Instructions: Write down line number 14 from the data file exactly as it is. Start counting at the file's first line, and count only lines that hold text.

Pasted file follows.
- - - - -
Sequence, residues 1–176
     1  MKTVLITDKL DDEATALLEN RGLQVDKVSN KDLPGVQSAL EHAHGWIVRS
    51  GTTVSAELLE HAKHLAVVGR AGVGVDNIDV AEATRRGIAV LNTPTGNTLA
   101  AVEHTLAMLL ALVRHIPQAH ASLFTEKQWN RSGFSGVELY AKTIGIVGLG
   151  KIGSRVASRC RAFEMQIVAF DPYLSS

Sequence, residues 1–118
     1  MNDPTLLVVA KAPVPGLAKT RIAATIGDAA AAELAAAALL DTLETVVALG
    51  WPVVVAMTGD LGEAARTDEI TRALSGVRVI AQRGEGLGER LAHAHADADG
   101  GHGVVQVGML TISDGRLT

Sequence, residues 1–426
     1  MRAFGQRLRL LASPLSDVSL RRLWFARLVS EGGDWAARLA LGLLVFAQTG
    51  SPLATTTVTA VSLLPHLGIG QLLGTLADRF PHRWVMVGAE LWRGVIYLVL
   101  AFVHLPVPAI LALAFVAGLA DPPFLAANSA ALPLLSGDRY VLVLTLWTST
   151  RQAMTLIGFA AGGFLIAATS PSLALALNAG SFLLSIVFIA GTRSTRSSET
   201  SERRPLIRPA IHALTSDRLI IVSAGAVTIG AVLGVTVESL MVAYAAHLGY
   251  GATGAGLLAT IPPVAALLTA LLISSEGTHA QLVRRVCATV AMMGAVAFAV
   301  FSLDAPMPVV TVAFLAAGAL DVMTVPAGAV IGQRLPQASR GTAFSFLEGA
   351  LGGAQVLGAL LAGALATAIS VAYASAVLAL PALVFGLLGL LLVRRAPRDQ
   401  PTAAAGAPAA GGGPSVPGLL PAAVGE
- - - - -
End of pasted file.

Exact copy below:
   151  RQAMTLIGFA AGGFLIAATS PSLALALNAG SFLLSIVFIA GTRSTRSSET